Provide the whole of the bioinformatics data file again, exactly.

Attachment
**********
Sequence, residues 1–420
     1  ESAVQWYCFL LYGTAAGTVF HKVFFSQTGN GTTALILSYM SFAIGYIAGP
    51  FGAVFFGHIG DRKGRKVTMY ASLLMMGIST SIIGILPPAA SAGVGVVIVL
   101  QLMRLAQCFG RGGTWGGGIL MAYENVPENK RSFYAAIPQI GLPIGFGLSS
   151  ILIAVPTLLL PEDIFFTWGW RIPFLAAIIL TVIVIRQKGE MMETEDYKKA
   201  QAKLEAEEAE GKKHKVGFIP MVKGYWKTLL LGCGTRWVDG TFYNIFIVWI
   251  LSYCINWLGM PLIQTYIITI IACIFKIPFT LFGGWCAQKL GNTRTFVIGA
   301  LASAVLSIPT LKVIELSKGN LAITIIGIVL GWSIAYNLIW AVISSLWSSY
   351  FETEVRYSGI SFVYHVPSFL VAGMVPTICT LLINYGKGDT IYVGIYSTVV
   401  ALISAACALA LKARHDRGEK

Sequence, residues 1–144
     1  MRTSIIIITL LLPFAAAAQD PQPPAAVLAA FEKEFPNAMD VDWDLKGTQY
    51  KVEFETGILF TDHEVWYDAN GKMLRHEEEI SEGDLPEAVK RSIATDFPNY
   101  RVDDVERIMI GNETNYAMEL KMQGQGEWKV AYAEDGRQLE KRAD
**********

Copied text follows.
Sequence, residues 1–420
     1  ESAVQWYCFL LYGTAAGTVF HKVFFSQTGN GTTALILSYM SFAIGYIAGP
    51  FGAVFFGHIG DRKGRKVTMY ASLLMMGIST SIIGILPPAA SAGVGVVIVL
   101  QLMRLAQCFG RGGTWGGGIL MAYENVPENK RSFYAAIPQI GLPIGFGLSS
   151  ILIAVPTLLL PEDIFFTWGW RIPFLAAIIL TVIVIRQKGE MMETEDYKKA
   201  QAKLEAEEAE GKKHKVGFIP MVKGYWKTLL LGCGTRWVDG TFYNIFIVWI
   251  LSYCINWLGM PLIQTYIITI IACIFKIPFT LFGGWCAQKL GNTRTFVIGA
   301  LASAVLSIPT LKVIELSKGN LAITIIGIVL GWSIAYNLIW AVISSLWSSY
   351  FETEVRYSGI SFVYHVPSFL VAGMVPTICT LLINYGKGDT IYVGIYSTVV
   401  ALISAACALA LKARHDRGEK

Sequence, residues 1–144
     1  MRTSIIIITL LLPFAAAAQD PQPPAAVLAA FEKEFPNAMD VDWDLKGTQY
    51  KVEFETGILF TDHEVWYDAN GKMLRHEEEI SEGDLPEAVK RSIATDFPNY
   101  RVDDVERIMI GNETNYAMEL KMQGQGEWKV AYAEDGRQLE KRAD